- Insurance claim denials – It is not uncommon for insurance companies to find any potential grounds to invalidate or deny a claim. When an accident victim files a claim after a crash many steps in the process could trigger an insurer’s denial. Sometimes these denials occur because of simple errors, omissions, or lack of evidence due presented by an inexperienced claimant without legal representation. When an insurance company denies a claim, you can still reach a successful resolution in your case. Often, the only way to proceed in a case where an insurance company denies your claim is to file a lawsuit against the insurer.
Who Can You Sue For Damages After A Motor Vehicle Collision?
When someone hits your vehicle, you will likely begin to consider who will pay for the damage you have suffered. In most instances, when another vehicle strikes you, the other party was negligent in their actions. This is especially common in rear-end collisions, sideswipes, and front-end crashes.
If the party is found negligent in their actions that resulted in the accident, they will likely be liable for the damages and harm they have caused you. Who you can seek compensation against for your losses will depend on the insurance coverage that applies to the accident and the other parties involved, either directly or indirectly.
Liability for car accident damage can include:
- The other driver – Any accident caused by driver negligence creates a personal liability of that driver to the victims. Although most drivers contract with insurance companies to protect them from personal loss in the event of an accident, there are situations where the insurance coverage may be insufficient or not apply and open an individual to the possibility of a personal injury lawsuit against them for their actions.
- The other driver’s insurance – A driver pays for car insurance to cover accidents. When the other driver is at fault, their insurance is often liable to you for the injuries and losses you have suffered.
- Your insurer – When you are in a no-fault state such as Florida, you may file a claim against your own insurer regardless of which party is at fault. There are several situations in which it may benefit you to file a claim against your own insurer to resolve your case.
- An employer of the other driver – If another driver was fulfilling work duties or behind the wheel of a company vehicle at the time of a collision, the employer of that driver could also bear liability to you.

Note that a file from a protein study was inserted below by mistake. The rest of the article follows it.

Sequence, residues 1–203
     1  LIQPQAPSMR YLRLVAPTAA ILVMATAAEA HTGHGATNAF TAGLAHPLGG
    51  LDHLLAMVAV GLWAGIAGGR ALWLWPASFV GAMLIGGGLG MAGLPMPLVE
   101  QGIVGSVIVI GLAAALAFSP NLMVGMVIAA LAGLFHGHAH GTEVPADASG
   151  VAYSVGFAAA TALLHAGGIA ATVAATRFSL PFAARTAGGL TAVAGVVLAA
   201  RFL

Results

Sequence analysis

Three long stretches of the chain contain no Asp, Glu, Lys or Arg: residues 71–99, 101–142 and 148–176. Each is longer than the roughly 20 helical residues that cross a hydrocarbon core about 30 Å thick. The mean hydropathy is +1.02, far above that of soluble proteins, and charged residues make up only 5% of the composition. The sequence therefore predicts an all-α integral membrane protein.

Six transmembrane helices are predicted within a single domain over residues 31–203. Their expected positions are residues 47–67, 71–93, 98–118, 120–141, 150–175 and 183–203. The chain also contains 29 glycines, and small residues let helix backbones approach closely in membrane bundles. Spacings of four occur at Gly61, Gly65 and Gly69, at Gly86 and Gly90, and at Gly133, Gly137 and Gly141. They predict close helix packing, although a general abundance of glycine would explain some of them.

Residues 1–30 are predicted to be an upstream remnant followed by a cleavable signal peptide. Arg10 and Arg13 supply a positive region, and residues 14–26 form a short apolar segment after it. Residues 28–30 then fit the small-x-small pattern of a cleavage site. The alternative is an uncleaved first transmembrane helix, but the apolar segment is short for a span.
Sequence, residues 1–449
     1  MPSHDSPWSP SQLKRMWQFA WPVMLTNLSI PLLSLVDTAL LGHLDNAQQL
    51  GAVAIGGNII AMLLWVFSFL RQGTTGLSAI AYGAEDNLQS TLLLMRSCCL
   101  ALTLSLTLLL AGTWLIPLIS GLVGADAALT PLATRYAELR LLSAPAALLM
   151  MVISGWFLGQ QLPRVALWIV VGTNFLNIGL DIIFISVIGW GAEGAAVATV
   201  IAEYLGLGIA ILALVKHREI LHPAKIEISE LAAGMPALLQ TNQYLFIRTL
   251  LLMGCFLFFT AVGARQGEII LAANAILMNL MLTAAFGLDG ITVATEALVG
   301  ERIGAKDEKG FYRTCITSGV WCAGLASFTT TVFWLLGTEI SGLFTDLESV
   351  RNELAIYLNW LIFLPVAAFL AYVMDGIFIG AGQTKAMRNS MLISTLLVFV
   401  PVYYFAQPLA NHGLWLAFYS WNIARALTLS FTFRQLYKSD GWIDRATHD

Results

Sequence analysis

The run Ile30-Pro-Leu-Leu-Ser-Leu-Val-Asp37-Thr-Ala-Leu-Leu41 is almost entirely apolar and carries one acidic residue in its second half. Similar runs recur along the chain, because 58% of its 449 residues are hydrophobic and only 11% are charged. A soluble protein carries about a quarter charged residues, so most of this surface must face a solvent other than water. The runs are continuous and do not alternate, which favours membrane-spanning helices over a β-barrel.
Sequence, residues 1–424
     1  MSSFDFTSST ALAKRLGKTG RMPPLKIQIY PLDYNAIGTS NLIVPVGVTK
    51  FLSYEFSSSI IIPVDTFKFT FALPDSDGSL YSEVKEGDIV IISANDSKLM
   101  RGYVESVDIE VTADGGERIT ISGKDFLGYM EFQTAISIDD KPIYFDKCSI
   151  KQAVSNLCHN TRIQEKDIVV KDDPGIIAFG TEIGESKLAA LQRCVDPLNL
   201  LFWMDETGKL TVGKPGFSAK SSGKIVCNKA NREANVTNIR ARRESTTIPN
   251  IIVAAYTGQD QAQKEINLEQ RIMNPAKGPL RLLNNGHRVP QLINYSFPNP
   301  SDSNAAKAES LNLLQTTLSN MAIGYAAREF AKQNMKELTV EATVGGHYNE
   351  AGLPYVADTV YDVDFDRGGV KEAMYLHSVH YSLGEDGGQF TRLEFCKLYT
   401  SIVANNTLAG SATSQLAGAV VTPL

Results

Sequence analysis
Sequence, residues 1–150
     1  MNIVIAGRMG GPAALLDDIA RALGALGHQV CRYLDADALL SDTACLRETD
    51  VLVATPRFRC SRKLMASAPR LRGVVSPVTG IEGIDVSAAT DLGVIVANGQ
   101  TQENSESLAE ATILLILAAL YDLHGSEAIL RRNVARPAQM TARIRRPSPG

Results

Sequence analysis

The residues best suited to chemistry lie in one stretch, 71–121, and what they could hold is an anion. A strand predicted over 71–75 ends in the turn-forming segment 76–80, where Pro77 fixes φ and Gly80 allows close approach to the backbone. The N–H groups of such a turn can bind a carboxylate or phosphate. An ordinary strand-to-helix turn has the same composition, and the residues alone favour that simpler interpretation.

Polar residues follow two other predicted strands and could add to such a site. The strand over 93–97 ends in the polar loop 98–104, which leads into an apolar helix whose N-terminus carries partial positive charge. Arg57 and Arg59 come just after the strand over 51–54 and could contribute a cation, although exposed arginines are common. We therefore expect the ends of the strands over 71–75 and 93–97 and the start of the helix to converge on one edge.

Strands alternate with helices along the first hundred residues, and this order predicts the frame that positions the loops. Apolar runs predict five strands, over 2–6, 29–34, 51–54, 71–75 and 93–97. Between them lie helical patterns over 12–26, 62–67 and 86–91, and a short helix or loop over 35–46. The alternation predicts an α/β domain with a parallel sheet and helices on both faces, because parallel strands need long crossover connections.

- A rideshare service company – Rideshare vehicles are common amongst the roadways of many cities and towns in the U.S. Rideshare accidents can create complex liability issues due to the nature of the relationship between a private driver and the rideshare application. Rideshare companies carry their own insurance coverage that will apply only in specific situations.
What about a Parked Car?
A parked car accident is aggravating, but these types of accidents do not result in injury. In terms of accidents, a parked car accident is relatively minor.
If someone hits your parked car, you must first find out who the “at-fault” driver is. If they fled the scene without leaving a note, there might be little you can do to seek compensation from them. If they stayed at the accident scene or left you a note, you might have more options. Inform your insurance company about the incident, even if you don’t plan on making a claim. They can guide you through the process and advise you on the best course of action. If the damage is significant or you encounter difficulties with the responsible party or their insurance company, it may be wise to consult with a personal injury attorney or a lawyer specializing in car accidents. They can provide you with legal advice tailored to your situation.
What Damages Could You Be Entitled to After Someone Hits Your Car?
The amount of damage available to you when someone negligently hits your vehicle will depend greatly on the injuries you have sustained and the consequences of those injuries in your day-to-day life. Car accident injuries can kill or leave severe impacts on a victim that make them unable to live their lives as before the accident.
If you survive a motor vehicle accident but suffer serious injuries, your life was probably affected in multiple ways. From your relationships to your ability to work and enjoy your favorite activities, a car accident can have physical, emotional, and mental impacts that interfere with your ability to live a normal life.
Under the law, you can seek compensation for the damages you have suffered because of a car accident caused by negligence. The damage in a car accident case can include both economic and non-economic losses.
Economic losses are damages that can be identified monetarily and calculated relatively easily based on evidence such as bills, records, estimates, and receipts. Non-economic damages, on the other hand, can be much more complicated to value in terms of money. This is because non-economic losses are often tied to the personal experience of an individual after an accident and the impact the accident has on their own lives and individual abilities.
Damages in a car accident can include compensation for:
- Medical expenses
- Lost income
- Future impacts to income and earning potential
- Future medical expenses
- Damage to your vehicle or other personal property
- Pain and suffering
- Lost quality of life
- Loss of companionship
- Wrongful death
Do I Have Other Options to Seek Compensation After a Car Crash?